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Latest Col Collective film sees Cotty head up into the Serra de Tramuntana

Think of a climb on Mallorca, and Sa Calobra is almost certainly the first to spring to mind, but it’s far from the only decent ascent on the island – one reason it’s a favoured early training ground for top pros and club riders alike.

The resorts of Alcudia and Port de Pollença in the north east of the island – the capital, Palma, lies in the south west – are magnets for riders in the late winter and early spring.

It’s from the latter that Mike Cotty sets off for the latest Col Collective video which sees him ride through the Serra de Tramuntana – ‘Sunset’ – mountains.

Here’s what he has to say.

Forming the backbone of the northwest of Mallorca, the Serra de Tramuntana mountains are an absolute must to explore if you're visiting the island. Approximately 90 kilometres in length and running through more that 20 municipalities the Tramuntana are actually pretty hard to miss and being a UNESCO World Heritage Site only adds to their allure.

Starting in the picturesque Port de Pollença I was keen to find out more. The island is such a hotspot for professional and amateur cyclists seeking winter sun, continually growing in popularity since I first visited over 20 years ago.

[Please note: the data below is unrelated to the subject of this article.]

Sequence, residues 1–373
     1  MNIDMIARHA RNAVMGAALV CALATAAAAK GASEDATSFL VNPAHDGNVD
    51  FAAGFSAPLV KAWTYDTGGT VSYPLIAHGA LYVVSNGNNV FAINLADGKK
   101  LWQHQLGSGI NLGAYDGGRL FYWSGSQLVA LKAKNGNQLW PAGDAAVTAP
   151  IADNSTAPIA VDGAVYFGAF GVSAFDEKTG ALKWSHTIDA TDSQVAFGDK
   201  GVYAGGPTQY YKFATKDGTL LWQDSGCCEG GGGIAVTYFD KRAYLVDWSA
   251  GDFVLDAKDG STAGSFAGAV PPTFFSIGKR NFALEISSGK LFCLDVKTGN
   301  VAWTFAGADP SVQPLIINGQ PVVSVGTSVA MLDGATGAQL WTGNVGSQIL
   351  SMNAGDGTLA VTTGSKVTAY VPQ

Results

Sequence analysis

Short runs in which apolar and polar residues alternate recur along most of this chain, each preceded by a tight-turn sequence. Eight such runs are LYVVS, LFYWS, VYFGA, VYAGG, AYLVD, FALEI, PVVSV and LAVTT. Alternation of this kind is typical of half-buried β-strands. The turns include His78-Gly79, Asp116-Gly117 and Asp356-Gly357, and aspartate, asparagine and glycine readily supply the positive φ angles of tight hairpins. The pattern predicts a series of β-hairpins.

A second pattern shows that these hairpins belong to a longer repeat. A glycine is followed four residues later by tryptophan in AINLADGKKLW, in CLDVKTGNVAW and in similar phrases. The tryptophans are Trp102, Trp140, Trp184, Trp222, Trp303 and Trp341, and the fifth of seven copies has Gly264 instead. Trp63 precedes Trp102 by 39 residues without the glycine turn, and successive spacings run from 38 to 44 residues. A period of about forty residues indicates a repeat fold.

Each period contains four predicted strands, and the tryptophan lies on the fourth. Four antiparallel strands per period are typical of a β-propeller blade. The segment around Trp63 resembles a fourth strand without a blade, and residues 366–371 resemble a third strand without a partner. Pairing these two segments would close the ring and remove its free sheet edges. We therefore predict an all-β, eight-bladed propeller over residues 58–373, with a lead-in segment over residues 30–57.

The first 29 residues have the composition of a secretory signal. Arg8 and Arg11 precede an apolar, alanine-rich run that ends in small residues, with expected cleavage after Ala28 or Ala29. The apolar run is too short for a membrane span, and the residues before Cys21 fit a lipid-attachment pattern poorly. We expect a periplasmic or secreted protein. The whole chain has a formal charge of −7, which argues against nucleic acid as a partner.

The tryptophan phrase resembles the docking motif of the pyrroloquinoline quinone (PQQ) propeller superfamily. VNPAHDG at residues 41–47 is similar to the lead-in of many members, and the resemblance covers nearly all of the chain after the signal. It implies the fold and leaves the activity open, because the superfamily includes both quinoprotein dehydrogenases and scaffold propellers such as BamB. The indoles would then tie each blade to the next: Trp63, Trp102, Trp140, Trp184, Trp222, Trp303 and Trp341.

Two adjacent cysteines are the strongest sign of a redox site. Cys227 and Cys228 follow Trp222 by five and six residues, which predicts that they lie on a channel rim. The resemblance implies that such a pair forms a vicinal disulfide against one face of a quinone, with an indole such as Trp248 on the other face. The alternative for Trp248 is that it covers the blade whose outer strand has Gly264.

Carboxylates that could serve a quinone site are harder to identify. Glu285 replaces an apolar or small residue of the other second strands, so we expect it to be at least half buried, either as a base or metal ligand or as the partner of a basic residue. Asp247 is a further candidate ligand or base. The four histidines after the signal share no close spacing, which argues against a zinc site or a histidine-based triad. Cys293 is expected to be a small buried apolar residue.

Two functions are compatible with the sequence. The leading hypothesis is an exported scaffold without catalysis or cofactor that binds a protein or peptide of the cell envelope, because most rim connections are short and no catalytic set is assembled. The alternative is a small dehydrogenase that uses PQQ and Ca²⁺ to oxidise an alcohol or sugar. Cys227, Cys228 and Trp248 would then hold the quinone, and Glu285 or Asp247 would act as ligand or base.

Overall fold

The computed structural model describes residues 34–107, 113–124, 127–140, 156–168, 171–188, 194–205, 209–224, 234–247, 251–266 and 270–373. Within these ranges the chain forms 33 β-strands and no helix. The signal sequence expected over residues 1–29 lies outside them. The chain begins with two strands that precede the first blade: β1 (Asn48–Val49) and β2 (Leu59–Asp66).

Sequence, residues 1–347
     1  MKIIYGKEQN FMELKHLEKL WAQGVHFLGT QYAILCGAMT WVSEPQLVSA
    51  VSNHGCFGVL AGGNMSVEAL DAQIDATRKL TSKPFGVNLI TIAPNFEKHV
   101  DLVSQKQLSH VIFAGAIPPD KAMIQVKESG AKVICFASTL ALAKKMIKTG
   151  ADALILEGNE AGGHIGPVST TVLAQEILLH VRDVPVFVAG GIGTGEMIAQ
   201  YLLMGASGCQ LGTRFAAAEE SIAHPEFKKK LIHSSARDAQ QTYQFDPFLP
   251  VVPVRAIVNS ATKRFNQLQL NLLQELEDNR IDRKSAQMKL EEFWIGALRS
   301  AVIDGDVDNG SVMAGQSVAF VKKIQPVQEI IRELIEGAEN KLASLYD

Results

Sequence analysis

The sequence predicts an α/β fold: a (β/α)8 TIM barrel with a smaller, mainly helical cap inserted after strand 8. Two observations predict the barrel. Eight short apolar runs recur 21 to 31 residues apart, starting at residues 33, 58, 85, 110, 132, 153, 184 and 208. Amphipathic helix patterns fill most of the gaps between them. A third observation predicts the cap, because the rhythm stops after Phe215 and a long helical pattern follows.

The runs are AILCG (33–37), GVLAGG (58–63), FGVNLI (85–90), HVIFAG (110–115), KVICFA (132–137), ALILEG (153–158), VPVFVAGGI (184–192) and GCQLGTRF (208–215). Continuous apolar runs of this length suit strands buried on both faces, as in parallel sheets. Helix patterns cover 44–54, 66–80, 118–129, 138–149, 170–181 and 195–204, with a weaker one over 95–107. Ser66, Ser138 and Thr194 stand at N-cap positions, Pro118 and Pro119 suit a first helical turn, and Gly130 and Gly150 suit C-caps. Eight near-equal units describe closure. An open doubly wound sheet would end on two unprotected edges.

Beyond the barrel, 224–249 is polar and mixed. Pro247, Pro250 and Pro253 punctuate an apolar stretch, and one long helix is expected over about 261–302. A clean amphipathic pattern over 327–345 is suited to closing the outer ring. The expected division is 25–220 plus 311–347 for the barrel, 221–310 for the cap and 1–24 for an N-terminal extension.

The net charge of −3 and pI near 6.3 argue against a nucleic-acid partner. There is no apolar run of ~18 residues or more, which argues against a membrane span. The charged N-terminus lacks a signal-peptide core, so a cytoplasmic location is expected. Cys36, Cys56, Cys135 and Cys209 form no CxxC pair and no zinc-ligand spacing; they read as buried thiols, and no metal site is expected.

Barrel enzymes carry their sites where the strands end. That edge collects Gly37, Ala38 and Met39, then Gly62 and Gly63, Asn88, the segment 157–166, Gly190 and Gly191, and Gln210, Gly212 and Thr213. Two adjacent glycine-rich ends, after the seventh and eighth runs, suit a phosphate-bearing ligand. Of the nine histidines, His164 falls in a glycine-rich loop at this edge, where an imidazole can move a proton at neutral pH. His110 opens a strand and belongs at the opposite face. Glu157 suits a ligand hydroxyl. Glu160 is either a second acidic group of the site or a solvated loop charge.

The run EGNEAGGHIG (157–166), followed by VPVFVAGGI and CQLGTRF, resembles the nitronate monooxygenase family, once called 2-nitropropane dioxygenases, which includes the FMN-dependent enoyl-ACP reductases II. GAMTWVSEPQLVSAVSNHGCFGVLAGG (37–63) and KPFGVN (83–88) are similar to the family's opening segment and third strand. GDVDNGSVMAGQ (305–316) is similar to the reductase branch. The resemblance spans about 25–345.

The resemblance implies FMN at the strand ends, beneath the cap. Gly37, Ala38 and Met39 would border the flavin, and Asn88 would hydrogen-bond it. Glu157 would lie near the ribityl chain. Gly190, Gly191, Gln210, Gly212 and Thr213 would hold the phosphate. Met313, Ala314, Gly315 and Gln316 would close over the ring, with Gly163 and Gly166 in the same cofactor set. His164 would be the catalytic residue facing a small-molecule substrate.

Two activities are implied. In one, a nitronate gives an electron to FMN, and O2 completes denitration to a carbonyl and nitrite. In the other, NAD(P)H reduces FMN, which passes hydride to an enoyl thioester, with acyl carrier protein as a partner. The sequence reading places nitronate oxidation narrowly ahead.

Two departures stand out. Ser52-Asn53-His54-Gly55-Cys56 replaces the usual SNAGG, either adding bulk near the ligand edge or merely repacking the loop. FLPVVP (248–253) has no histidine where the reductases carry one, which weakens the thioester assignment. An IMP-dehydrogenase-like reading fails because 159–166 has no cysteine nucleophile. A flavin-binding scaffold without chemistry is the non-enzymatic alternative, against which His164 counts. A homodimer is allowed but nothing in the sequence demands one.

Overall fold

To be honest I wasn't too sure where I'd end up, but then that's half the fun isn't it? What I did know is that we'd be tackling Mallorca's highest road pass, up to the Túnel de Monnàber that cuts through the famous Puig Major (Mallorca's highest peak at 1,445m) followed by the longest descent on the island, 14 kilometres of sweeping bends and smooth road all the way down to Soller. Anything more than that is a bonus, so let's ride!

Vital statistics

Start: Port de Pollença

Length: 82.7 km

Highest point: 850m

Start Elevation: 0m

Elevation Gain: 1,536m

Max Gradient 10%

Ridden in January

Born in Scotland, Simon moved to London aged seven and now lives in the Oxfordshire Cotswolds with his miniature schnauzer, Elodie. He fell in love with cycling one Saturday morning in 1994 while living in Italy when Milan-San Remo went past his front door. A daily cycle commuter in London back before riding to work started to boom, he's been news editor at road.cc since 2009. Handily for work, he speaks French and Italian. He doesn't get to ride his Colnago as often as he'd like, and freely admits he's much more adept at cooking than fettling with bikes.